[Sorry Benjamin, the message was supposed to go to the list] Benjamin M. A'Lee wrote: > There is a good reason for this, and it's explained in the git-log > manual page: it's not necessarily possible to convert something to UTF-8 > (or any other Unicode encoding) and convert it back without introducing > errors, especially with some less-commonly-used character sets.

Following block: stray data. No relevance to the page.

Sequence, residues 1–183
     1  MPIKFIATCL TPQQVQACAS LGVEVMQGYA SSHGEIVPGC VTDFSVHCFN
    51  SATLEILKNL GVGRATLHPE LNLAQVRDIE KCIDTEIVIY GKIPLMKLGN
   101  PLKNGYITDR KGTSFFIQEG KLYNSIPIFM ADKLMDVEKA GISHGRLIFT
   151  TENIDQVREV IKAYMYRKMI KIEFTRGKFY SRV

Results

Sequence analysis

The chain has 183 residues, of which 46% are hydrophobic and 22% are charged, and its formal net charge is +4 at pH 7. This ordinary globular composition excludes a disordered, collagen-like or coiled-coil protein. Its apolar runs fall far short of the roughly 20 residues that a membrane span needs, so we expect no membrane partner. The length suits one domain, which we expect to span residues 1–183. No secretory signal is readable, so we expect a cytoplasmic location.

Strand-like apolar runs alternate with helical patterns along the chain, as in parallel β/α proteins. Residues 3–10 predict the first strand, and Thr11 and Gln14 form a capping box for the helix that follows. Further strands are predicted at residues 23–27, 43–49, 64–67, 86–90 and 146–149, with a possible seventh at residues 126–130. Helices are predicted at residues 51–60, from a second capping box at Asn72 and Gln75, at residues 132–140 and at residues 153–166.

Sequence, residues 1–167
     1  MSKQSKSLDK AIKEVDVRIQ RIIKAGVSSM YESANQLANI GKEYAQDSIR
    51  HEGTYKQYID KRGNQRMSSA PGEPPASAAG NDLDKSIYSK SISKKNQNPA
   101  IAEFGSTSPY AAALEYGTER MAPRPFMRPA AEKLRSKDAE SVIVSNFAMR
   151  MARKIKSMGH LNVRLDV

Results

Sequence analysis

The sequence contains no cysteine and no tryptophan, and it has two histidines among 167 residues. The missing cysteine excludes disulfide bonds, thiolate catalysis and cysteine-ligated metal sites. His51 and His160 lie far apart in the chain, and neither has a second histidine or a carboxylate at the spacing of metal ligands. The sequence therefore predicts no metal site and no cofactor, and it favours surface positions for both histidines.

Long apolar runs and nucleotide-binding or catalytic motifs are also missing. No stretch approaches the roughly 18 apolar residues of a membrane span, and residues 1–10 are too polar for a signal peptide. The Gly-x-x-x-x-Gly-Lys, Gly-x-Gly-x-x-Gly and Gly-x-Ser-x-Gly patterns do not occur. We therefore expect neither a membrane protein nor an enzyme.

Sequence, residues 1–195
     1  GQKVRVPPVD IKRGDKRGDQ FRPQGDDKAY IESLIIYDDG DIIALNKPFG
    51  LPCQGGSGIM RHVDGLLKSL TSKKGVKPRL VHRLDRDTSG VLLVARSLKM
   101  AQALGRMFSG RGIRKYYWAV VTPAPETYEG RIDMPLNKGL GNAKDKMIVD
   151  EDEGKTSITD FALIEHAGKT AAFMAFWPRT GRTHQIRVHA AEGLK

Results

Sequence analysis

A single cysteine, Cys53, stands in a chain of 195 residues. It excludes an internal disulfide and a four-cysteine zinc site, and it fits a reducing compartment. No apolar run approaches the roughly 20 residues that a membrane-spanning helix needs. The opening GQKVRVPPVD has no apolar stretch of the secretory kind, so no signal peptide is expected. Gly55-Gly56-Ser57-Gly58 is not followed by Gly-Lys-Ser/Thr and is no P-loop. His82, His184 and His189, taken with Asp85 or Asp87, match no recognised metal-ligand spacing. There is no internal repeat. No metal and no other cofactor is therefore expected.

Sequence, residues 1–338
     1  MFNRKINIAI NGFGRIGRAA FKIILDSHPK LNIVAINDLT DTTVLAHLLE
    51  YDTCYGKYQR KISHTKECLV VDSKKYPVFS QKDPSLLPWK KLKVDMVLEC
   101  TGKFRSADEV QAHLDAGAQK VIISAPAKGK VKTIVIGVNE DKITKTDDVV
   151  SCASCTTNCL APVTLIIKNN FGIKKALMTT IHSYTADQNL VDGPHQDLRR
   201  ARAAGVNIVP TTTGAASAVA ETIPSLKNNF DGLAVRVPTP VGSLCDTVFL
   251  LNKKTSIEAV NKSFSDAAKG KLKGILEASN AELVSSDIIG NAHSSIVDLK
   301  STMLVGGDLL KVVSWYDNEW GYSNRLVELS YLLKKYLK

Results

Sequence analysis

Unicode (and thus UTF-8) is a superset of all encodings. It is required by the specification of the Unicode that any conversion X->Unicode->X MUST be lossless. It is important to keep in mind that Unicode has versions, and that some writing systems are only fully supported by some Unicode versions. Due to the complexity of some writing systems, Unicode allows that the same character sequence be represented by more than one way. For example, "ü" (u-umlaut) may be represented by U+00FC alone, or by the sequence U+0075 U+0308. But for any of such ambiguities, there is *always* the one of them that is the "normalized" version (the normalized one may change from one version of Unicode to another, but this is usually avoided whenever possible). So, for proper Unicode support, you must forbid any non-normalized UTF-8 input for filenames, so that there is always unique character sequences stored in the repository, and there will always be unique conversions to any other encoding. So, it doesn't hold true that it is possible to encode something to UTF-8 and get errors when converting it back. Of course, Unicode->X conversion fails if the Unicode sequence contains characters that are not present in X, this is something to expect. But the X->Unicode conversion MUST be valid and MUST have an unique representation, whatever X is. > Treating > everything as a sequence of bytes is far safer (not to mention faster) > than converting everything every time it's commited or checked out. Sure it is faster, but I don't think it is safer. See the problems that Git and Mercurial present when they are ported to systems that expect all filenames to be clear and valid Unicode sequences. Safer, for me, is to forbid the addition to the repository of any file name that is known to give problems when converted to any other encoding. Forbid the inclusion of any data incompatible with the users LC_CTYPE, including non-normalized UTF-8. Note that this is not a real problem for Git while you use it for what it was designed to be: an SCM. You should never use files outside the ASCII set for your source code files, unless you are really expecting to have problems. This just becomes an issue when Git is used for storing other things. > Not true. Though I don't know about LANG and LC_CTYPE support, it's > certainly not true that Git expects UTF8 no matter what; you can > override the i18n.commitencoding and i18n.logoutputencoding settings as > necessary. Ok, I missed these options. I don't know if they are new or if I just missed them when I read the documentation for the first time. Well, it makes Git a little less bad. It stores the encoding along with the commit message (without conversion), and tries to recode to whatever output encoding is requested during the log output. It still breaks the expected behavior that every other locale-aware software conforms to. I.e., the output these two commands should provide proper, different outputs: LC_ALL=en_US.UTF-8 git --no-pager log LC_ALL=en_US.ISO-8859-1 git --no-pager log Compare with, for example: LC_ALL=pt_BR.UTF-8 iconv --help | head LC_ALL=pt_BR.ISO-8859-1 iconv --help | head (the second one should display some broken characters if your system is UTF-8, that is expected). -- Juliano F. Ravasi ·· http://juliano.info/ 5105 46CC B2B7 F0CD 5F47 E740 72CA 54F4 DF37 9E96 "A candle loses nothing by lighting another candle." -- Erin Majors * NOTE: Don't try to reach me through this address, use "contact@" instead. _______________________________________________ vcs-home mailing list firstname.lastname@example.org http://lists.madduck.net/listinfo/vcs-home